You can get a stand
ard HDD for saving samples and other less important things that don't need to load up super fast. Luckily for you, these type of HDDs are also much cheaper.
Also make sure to have a lot of hard drive space. The hard drive is something you can't get around. The more you have, the better.
Think about all the data that needs to be saved. You're gonna be saving samples, recordings, renders, beats, trackouts, session files etc.
You want to make sure you have enough store because it will take up a lot of space. Unless you're purging your unused audio, you will build up a lot of audio clips.
Most importantly... GET A BACKUP!! Trust me. I can't stress this enough. You don't want to spend hours, days, weeks, months on music projects and one day have your HDD crashing on you. So definitely get a backup HDD to make sure your most important files are stored safely.
Which DAW should you choose
Now your DAW is gonna be what you're gonna be working in. Here's the thing. All DAWs sound the same. There is no sound difference. So we can stop arguing about Ableton being better than FL Studio or vice versa. Sound quality wise, they're all good.
Now when it comes to workflow, every DAW has a different workflow. This again comes down to personal preference.
One of the easiest and most popular DAWs among beginners is FL Studio because you can pretty much create your own workflow.
Most other DAWs such as Ableton, Logic Pro, Reason or Pro Tools can be kinda linear, meaning everything is already routed for you.
In my opinion, FL Studio is a great DAW to start off with. There is tons of content on the DAW and therefore, getting started should be fairly easy even if you've never opened up a DAW before.
If you're looking for a more traditional DAW, you should look into Studio One, Logic or Cubase. If you want the industry standard, you should go with Pro Tools.
It all depends on what you want to use and what you personally prefer. I would suggest to try out as many as you can to see which one you like. The most important thing is to have fun with it!
What audio interface should you get?
Now that you got your computer and DAW, it's time to start making some beats. So what do you need to actually make beats and record?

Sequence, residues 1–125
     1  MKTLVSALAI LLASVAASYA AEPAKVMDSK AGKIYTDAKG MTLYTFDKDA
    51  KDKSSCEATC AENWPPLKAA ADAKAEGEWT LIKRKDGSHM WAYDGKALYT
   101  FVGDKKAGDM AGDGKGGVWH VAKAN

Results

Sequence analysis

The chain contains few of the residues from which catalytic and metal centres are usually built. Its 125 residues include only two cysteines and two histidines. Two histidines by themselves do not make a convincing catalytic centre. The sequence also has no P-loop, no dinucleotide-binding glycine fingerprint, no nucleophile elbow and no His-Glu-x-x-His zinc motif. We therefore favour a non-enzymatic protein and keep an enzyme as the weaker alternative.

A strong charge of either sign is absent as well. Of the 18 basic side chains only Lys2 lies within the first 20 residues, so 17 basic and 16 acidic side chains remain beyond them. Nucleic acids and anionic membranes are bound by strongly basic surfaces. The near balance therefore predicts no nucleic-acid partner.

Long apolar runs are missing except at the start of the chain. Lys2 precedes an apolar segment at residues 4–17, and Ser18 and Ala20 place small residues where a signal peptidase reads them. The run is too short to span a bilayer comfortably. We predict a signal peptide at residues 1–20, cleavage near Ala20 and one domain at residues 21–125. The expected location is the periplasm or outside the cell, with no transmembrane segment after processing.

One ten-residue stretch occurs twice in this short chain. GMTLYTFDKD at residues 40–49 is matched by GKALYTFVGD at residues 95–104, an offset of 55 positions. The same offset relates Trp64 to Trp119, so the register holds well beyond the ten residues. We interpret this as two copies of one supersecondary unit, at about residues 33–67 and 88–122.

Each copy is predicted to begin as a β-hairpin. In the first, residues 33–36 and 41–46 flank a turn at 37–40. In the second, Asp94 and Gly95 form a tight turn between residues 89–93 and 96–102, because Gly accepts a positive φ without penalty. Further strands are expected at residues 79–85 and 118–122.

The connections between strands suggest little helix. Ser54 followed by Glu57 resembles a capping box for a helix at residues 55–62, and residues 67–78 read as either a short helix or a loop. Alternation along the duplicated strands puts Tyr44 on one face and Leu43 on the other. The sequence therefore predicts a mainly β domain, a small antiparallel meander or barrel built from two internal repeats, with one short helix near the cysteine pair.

First off, if you're gonna be making beats it's pretty simply. You need an audio interface.
Why? An audio interface is gonna be the way to get sound into your computer, and out of your computer. Basically turning an analog signal to a digital signal, and a digital signal to an analog signal.
You will need that because most computers don't have audio interfaces. And it will also provide the best quality possible.
I would start with the more cheaper, affordable models. By far, the most used audio interfaces is the Focusrite. It sounds good, it works and it's affordable.
Starting at about a $120 bucks. Of Course they do go up in price if you want more ins and outs, so basically determining on how many inputs and outputs the device has, it can go up in price.
Audio interfaces usually come with Thunderbolt and USB-C type of connectors.
What headphones do you need for music production?
What about listening to those sounds coming through your audio interface? The first thing i'd recommend if you're on a budget, is to get some good quality studio headphones.
The Beyerdynamic DT770 are a great pair to start off with. Another great choice might be the Sennheiser 288 HD Pro, which are pretty industry standard and can be find in a lot of studios. This pair is available for about a $100 bucks.
Whatever you go for, make sure to get yourself a good pair of studio headphones. Because they allow you to hear the sounds coming from your DAW pretty thorough and accurate.
Be careful though, because when you're working with headphones on all day, your ears can not only get fatigued you also risk getting tinnitus. Always make sure to keep the volume and a reasonable level.
What studio monitors should you get?